Wednesday, January 31, 2018

Prop 65 strikes again: California may declare coffee a “cancer risk”

A law that is supposed to ensure that people are safe, does nothing of the sort.  Evil and disgusting.  Companies are forced to spend money for no reason and for nothing.  What does this mean for the people?

CA touts itself as being the 9th largest economy in the world.  What happens when there's no one left to buy anything? You will find CA become the last place a company will want to do business there.  When will this happen?  Sooner than you think.

In 1986, California’s Proposition 65 (the Safe Drinking Water & Toxic Enforcement Act) was passed, placing restrictions on toxic discharges into drinking water and required that people be notified who were exposed to carcinogens and reproductive toxins.

While the idea sounded wonderful at the time, the implementation of the rules has created a plethora of warning labels that get ignored and an astonishing number of revenue-generating lawsuits targeting businesses selling products that contain trace amounts of substances unlikely to be harmful, given the dose and the typical use situation of the consumer.

Because coffee contains a trace amount of a chemical known as acrylamide (“known to the State of California to cause cancer, birth defects, or other reproductive harm”), it may be subject to these warnings and the coffee sellers may be facing fines:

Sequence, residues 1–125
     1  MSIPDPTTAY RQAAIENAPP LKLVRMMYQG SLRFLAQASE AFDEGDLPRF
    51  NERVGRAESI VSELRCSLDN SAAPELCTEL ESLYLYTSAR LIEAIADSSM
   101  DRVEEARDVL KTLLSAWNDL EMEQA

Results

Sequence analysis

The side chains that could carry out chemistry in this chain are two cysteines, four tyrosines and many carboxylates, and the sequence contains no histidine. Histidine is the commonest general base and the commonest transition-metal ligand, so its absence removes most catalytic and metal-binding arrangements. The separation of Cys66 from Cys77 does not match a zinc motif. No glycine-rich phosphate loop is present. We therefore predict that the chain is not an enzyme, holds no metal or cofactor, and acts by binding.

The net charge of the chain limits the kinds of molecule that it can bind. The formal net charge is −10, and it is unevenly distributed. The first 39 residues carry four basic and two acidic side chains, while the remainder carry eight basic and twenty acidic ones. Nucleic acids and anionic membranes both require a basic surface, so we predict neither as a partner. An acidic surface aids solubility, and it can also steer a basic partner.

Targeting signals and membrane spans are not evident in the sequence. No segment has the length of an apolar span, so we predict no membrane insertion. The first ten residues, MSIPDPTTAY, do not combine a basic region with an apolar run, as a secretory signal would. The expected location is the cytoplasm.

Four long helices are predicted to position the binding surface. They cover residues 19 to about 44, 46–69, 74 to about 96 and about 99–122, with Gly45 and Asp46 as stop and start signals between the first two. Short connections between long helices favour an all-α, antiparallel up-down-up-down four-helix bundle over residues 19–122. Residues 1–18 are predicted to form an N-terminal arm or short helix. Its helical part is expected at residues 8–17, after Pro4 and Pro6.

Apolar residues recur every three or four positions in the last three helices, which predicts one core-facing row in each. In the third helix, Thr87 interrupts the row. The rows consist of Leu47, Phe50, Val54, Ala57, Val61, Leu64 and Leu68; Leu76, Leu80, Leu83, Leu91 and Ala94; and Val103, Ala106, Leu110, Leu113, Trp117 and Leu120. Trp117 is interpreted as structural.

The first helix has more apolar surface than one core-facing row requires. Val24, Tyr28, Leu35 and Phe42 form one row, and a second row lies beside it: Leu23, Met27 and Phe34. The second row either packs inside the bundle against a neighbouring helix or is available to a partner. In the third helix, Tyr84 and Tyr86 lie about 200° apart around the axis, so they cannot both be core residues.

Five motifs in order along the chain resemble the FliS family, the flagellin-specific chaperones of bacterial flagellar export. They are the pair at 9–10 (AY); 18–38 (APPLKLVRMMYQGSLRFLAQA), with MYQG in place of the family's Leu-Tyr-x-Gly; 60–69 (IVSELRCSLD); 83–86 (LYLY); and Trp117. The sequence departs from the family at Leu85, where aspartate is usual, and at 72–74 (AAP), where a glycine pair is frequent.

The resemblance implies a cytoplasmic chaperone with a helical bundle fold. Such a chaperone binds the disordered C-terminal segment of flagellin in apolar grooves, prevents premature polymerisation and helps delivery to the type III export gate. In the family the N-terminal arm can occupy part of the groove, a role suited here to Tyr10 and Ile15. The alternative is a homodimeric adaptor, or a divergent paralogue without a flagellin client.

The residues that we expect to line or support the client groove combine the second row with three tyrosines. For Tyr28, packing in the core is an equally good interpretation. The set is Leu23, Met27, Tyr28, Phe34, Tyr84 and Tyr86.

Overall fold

A judge in California will soon decide whether coffee should carry warnings stating that it contains chemicals known to the state to cause cancer.

A long-running lawsuit that claims Starbucks and about 90 other companies, including grocery stores and retail shops, failed to follow a state law requiring warning signs about hazardous chemicals found everywhere from household products to workplaces to the environment.

At the center of the dispute is acrylamide, a carcinogen found in cooked foods such as French fries that is also a natural byproduct of the coffee roasting process. The coffee industry has acknowledged the presence of the chemical but asserts it is at harmless levels and is outweighed by benefits from drinking coffee.

A verdict in favor of the little-known Council for Education and Research on Toxics could send a jolt through the industry with astronomical penalties possible and it could wake up a lot of consumers, though it’s unclear what effect it would have on coffee-drinking habits.

The effect?  ZERO!  ZERO!  ZERO! Millions of dollars spent on NOTHING.

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